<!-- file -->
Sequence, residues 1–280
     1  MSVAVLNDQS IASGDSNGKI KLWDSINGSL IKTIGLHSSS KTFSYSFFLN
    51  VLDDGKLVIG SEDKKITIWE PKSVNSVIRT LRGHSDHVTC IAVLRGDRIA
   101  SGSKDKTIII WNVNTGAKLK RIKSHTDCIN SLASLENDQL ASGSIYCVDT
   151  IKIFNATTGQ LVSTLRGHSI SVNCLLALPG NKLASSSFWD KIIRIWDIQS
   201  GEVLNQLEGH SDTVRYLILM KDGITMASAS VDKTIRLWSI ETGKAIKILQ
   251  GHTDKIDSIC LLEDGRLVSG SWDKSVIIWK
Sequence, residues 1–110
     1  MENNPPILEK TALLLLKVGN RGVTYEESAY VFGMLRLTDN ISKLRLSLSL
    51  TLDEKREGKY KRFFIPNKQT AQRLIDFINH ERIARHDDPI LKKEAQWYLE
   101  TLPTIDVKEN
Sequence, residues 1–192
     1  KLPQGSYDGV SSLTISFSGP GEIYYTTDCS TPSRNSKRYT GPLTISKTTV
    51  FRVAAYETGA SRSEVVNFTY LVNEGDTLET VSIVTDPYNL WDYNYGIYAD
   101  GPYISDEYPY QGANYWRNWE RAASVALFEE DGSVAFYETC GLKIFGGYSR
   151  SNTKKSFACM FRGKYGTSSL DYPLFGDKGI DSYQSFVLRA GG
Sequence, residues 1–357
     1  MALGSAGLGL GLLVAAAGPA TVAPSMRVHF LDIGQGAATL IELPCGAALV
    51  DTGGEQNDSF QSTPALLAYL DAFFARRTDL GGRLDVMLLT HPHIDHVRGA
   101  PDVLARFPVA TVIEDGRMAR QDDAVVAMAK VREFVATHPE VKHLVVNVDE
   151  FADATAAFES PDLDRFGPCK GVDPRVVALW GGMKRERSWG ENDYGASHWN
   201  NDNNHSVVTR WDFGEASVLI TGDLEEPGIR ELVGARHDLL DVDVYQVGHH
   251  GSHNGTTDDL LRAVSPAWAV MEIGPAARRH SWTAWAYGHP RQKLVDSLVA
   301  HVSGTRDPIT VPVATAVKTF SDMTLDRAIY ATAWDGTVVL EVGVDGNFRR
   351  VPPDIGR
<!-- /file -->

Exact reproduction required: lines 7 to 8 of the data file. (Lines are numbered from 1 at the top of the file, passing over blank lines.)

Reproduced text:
   251  GHTDKIDSIC LLEDGRLVSG SWDKSVIIWK
Sequence, residues 1–110